Public Interest Law
I first witnessed the power of the individual to engender change as a high school graduate in the summer of 1990. I was one of 10 American youths, chosen from a nationwide pool of applicants, to join 10 Soviet youths on a river rafting expedition in Siberia with Project RAFT (Russians and Americans for Teamwork). For three weeks we worked side by side, literally dependent on cooperation and mutual trust for survival. In the evenings, while sitting in a circle around glowing cedar campfires, we held structured discussions on subjects ranging from nuclear disarmament to global warming and racism. At first we struggled to communicate across language barriers, but we quickly found common ground and successfully created a microcosm of a society in which mutual respect, affection, and commitment to our ideals drove our actions. This experience was nothing short of an epiphany for me: working one-on-one with The Enemy forced me to look past stereotypes and prejudices and work with them as individuals. I realized that this approach is the most powerful tool for effecting significant change. I returned home a changed person; in no uncertain terms, I had learned that every person does matter, every vote does count, and change is possible.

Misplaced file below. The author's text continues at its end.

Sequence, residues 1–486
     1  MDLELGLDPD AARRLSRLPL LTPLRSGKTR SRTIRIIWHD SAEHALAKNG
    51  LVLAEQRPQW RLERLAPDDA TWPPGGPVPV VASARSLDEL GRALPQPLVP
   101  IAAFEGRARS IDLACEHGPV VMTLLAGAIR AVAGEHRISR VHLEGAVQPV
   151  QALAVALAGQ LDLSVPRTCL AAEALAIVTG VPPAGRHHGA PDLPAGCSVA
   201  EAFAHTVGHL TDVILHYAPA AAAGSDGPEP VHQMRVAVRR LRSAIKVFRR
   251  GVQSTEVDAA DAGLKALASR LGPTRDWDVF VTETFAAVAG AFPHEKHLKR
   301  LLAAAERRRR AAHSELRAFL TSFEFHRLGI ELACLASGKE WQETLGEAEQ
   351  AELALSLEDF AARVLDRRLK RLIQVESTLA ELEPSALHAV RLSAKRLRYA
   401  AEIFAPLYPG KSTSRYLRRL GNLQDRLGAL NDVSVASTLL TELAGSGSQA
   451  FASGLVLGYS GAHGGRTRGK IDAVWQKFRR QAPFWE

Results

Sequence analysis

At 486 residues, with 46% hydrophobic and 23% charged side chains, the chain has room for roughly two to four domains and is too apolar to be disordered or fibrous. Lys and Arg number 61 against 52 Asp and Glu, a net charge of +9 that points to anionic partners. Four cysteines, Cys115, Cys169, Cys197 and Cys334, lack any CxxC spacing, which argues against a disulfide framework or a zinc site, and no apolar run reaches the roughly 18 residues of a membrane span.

My experience with Project RAFT inspired me to continue my ties to Russia: in 1992, following the demise of the Communist government, I returned for a semester at St. Petersburg State University. In addition to taking coursework in Russian language, literature, society, and history, I volunteered through the American Consulate as an interpreter with the international humanitarian aid airlifts known as "Operation Provide Hope." I also spent countless hours with the family of a priest whose parish was just outside the city, in previously abandoned and virtually destroyed church in the town of Pavlovsk. There I distributed humanitarian aid, designed and translated text for the parish website, and organized fundraising efforts abroad for the church's restoration.
I returned a third time to Russia the following summer, to work as an interpreter at an academy...